Spain's pace of coronavirus deaths slows again

MADRID (Reuters) – Spain’s pace of new coronavirus deaths slowed for the fourth day on Monday as the government contemplated a gradual easing of a lockdown in place since mid-March in the country with the second highest death toll from the global pandemic.

As with worst-hit Italy, data in Spain is giving cause for hope the peak has passed. On Monday, it reported 637 fatalities in the previous 24 hours – a 5% increase in total and less than half the pace recorded a week earlier.

“The pandemic’s growth rate is slowing down in almost every region,” Maria Jose Sierra, deputy head of Spain’s health emergency committee, said at a virtual news conference.

Though starting to hope for an end to their torment, Spaniards were also venting frustration on social media at the lengthy stay-at-home.

“I’d love to be in a bar, listening to good music and accompanied by many litres of beer – but no, I’m lying in bed and already sick of this confinement,” tweeted Robert from Zaragoza. “I only hope at some point we return to normality.”

One mother, Sandra Eva, said her four-year-old girl was upset at missing Easter traditions.

“She asks me why we can’t go out to watch the #Easter processions. That it’s not fair. That she wants to see them. And that she’s tired of the #coronavirus,” she tweeted.

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“PREPARING FOR DE-ESCALATION”

Officials said for restrictions to be lifted, testing had to be widened beyond those suspected of having the COVID-19 disease and health workers, so as to find carriers who may have no symptoms or only very mild symptoms.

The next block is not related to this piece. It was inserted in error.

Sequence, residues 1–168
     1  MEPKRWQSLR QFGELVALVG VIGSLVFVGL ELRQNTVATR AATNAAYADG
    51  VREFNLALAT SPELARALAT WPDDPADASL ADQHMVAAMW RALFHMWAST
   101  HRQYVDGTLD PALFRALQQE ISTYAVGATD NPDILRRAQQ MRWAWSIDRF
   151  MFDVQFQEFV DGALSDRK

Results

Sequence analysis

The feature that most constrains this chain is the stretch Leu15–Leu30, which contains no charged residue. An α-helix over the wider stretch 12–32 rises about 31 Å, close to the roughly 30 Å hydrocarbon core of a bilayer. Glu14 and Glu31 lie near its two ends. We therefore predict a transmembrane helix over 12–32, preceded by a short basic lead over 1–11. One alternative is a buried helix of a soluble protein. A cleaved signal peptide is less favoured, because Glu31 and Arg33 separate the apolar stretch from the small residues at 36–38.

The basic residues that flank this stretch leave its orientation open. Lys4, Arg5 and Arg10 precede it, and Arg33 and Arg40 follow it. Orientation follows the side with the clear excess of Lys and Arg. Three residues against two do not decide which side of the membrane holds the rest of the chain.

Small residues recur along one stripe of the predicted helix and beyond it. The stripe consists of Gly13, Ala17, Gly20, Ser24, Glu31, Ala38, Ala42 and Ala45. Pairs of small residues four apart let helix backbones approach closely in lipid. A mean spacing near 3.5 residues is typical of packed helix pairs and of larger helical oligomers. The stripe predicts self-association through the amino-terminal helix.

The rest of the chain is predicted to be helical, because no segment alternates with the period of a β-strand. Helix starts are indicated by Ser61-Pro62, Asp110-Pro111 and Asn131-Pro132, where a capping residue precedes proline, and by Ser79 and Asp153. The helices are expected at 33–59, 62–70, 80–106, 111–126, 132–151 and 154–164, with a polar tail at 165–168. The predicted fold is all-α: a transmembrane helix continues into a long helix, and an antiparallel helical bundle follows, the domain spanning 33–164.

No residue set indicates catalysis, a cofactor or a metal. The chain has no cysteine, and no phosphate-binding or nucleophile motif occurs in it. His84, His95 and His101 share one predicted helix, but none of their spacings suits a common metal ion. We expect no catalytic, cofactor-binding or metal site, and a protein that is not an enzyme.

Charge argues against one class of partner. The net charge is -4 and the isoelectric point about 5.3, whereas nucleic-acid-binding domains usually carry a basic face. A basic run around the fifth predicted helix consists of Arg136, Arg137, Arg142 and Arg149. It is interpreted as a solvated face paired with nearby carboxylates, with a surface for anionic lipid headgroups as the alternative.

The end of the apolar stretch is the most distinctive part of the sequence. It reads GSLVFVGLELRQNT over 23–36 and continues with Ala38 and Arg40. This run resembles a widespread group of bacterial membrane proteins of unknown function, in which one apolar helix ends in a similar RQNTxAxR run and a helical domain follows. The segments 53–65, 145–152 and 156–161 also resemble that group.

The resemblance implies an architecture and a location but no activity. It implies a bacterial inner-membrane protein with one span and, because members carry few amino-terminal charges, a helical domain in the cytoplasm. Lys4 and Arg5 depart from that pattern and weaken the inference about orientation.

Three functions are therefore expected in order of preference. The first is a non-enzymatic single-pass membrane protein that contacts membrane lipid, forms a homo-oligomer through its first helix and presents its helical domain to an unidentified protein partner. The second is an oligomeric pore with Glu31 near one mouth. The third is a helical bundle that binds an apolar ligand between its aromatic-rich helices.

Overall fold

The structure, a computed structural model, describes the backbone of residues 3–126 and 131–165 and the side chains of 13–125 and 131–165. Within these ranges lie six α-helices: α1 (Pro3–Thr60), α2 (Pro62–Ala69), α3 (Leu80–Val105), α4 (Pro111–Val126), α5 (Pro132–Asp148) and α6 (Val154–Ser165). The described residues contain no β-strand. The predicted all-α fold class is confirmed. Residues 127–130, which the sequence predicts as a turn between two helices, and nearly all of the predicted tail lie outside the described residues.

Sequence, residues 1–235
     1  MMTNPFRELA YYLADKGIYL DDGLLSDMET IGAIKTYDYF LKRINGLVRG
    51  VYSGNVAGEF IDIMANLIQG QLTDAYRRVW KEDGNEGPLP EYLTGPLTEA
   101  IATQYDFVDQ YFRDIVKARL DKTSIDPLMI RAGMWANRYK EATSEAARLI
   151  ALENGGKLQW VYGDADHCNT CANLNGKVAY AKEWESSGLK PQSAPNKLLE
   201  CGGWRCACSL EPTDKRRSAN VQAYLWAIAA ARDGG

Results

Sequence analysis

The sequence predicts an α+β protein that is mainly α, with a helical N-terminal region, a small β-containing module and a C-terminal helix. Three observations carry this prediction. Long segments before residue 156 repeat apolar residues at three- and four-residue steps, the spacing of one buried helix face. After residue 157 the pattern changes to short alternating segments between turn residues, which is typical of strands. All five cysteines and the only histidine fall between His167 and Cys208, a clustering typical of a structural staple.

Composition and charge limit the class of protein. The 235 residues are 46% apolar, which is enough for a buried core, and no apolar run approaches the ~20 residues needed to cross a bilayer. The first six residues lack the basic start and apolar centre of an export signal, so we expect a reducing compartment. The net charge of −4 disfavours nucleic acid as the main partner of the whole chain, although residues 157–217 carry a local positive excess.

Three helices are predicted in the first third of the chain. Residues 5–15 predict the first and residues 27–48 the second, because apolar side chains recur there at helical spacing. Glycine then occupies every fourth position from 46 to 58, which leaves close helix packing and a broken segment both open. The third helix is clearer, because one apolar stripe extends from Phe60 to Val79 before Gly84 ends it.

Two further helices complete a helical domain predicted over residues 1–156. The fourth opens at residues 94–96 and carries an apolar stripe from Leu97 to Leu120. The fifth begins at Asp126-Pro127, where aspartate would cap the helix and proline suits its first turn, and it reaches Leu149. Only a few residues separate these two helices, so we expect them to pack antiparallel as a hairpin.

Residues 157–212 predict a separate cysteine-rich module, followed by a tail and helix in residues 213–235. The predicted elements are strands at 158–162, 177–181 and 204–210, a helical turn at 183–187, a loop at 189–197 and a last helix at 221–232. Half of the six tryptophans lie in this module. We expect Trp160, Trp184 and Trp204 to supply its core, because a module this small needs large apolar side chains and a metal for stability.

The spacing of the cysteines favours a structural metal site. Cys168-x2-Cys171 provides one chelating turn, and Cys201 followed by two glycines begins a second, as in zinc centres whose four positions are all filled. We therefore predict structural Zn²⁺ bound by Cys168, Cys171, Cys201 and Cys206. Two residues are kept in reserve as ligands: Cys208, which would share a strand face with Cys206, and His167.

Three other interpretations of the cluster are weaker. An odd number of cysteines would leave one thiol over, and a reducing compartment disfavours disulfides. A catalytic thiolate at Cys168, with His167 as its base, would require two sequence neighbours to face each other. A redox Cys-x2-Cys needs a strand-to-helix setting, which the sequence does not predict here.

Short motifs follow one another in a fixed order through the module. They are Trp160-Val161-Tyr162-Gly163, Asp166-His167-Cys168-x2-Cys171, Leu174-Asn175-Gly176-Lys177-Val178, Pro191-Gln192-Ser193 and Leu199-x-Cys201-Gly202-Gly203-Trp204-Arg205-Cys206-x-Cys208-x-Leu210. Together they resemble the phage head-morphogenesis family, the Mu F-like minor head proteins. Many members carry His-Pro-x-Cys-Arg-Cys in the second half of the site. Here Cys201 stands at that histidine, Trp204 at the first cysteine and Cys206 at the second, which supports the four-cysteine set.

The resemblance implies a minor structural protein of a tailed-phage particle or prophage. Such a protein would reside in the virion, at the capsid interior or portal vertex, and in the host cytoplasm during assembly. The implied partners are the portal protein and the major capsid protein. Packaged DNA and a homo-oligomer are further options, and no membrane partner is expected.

“We are preparing ourselves for de-escalation for which it is important to know who is contaminated to be able to gradually lift Spanish citizens’ lockdown,” Foreign Minister Arancha Gonzalez told TV station Antena 3.

Spanish companies are manufacturing 240,000 test kits per week and are boosting capacity, the foreign minister said, while equipment is also being bought from abroad.

Spain has been in lockdown since March 14, with streets and famous tourist sites eerily silent.

Prime Minister Pedro Sanchez said at the weekend that would remain in place until April 26.

However, he opened the door to easing some restrictions, such as keeping all non-essential workers at home, after Easter.

Monday’s data showed Spain’s total cases up to 135,032, the highest in Europe and second in the world after the United States.

However, in another positive sign, checkpoints were lifted in Igualada and three other hard-hit towns in the northeastern Catalonia region, where there have been more than 100 deaths, the health ministry said.

Sierra said more than 40,000 Spaniards had been discharged from hospital. Some 19,400 health workers had caught the disease, with the majority of them going into self-isolation at home and about 20 percent now better, she said.

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